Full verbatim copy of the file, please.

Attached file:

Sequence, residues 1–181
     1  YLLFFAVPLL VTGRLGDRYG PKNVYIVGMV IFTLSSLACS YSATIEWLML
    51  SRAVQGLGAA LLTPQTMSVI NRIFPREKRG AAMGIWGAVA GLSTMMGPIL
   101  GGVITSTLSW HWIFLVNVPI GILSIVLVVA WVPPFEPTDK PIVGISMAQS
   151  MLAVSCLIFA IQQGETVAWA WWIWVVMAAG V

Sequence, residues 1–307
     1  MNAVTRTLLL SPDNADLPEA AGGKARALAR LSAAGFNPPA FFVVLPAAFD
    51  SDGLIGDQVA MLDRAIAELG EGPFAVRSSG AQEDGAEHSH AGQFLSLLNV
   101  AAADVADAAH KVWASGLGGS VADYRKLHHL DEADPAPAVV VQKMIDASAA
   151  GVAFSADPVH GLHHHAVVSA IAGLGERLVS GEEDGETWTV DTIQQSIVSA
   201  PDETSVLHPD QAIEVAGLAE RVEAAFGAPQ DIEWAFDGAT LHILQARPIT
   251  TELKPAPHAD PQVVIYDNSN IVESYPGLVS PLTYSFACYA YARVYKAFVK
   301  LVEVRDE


Sequence, residues 1–181
     1  YLLFFAVPLL VTGRLGDRYG PKNVYIVGMV IFTLSSLACS YSATIEWLML
    51  SRAVQGLGAA LLTPQTMSVI NRIFPREKRG AAMGIWGAVA GLSTMMGPIL
   101  GGVITSTLSW HWIFLVNVPI GILSIVLVVA WVPPFEPTDK PIVGISMAQS
   151  MLAVSCLIFA IQQGETVAWA WWIWVVMAAG V

Sequence, residues 1–307
     1  MNAVTRTLLL SPDNADLPEA AGGKARALAR LSAAGFNPPA FFVVLPAAFD
    51  SDGLIGDQVA MLDRAIAELG EGPFAVRSSG AQEDGAEHSH AGQFLSLLNV
   101  AAADVADAAH KVWASGLGGS VADYRKLHHL DEADPAPAVV VQKMIDASAA
   151  GVAFSADPVH GLHHHAVVSA IAGLGERLVS GEEDGETWTV DTIQQSIVSA
   201  PDETSVLHPD QAIEVAGLAE RVEAAFGAPQ DIEWAFDGAT LHILQARPIT
   251  TELKPAPHAD PQVVIYDNSN IVESYPGLVS PLTYSFACYA YARVYKAFVK
   301  LVEVRDE